The focus on slates stems from the Sad Puppy/Rabid Puppy debacle of 2014-2016, in which a group of right-wing writers (including some who were very far-right) tried to brigade the award in response to a supposed "takeover" by women and POC. They compiled recommendation lists and got large numbers of supporters to vote for them down the line, which overwhelmed the more dispersed votes of regular Worldcon members.

The problem with this situation is that compiling a recommendation list and voting is not against Hugo rules, and discarding hundreds of identical or nearly-identical ballots is not supposed to be permissible (in fact, in one of the Puppy years the Hugo administrator was Dave McCarty). Many changes that have been made to the collation of Hugo nominating votes, and measures taken to raise awareness of eligible work, were intended to dilute the effect of slate voting. Removing votes en masse has never been considered as a viable response, but it seems to have been undertaken last year.
Anne Gray said…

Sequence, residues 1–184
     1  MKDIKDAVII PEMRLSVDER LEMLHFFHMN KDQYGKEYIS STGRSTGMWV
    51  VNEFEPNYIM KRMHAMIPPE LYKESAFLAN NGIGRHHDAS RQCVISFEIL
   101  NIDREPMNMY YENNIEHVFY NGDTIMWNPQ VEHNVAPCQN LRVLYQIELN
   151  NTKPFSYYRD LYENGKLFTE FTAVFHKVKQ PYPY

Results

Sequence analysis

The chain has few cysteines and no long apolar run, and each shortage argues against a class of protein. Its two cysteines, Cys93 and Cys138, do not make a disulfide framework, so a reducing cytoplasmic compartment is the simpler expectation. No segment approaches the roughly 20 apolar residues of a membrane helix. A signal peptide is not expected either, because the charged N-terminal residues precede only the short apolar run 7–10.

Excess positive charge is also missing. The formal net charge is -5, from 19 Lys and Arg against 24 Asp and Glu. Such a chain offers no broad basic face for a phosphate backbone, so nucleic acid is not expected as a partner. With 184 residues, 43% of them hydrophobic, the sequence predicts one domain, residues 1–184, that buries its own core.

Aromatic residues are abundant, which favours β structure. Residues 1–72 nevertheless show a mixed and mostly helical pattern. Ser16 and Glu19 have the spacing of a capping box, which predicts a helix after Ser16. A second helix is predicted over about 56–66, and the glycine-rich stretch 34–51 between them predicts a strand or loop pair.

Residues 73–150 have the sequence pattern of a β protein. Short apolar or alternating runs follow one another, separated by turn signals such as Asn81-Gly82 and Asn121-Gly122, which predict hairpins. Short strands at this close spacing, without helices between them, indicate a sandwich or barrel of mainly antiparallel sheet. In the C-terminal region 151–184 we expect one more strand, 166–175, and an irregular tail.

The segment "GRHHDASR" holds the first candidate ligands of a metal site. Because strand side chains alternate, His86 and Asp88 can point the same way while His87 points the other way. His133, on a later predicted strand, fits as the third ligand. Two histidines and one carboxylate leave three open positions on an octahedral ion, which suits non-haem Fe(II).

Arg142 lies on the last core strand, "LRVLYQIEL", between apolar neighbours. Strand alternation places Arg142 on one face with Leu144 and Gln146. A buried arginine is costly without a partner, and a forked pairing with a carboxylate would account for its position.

This whole situation also begs the question of what if anything we are doing to archive and safeguard the "raw" nominations and voting data, so as to have an auditable process.


Yes, the absence of rules like that definitely feels like a gap that should be closed. Even without centralizations, there can be more streamlined requirements for each convention about which software they can use to collect and compile nominations results, and how they should keep the data during the award process and after it. I've also been wondering whether a "Hugo comptroller" might be a feasible idea, someone whose job it is to review the convention's work and validate it. There are people who know a lot more about all these issues in this community, and I'm sure they could offer some expertise.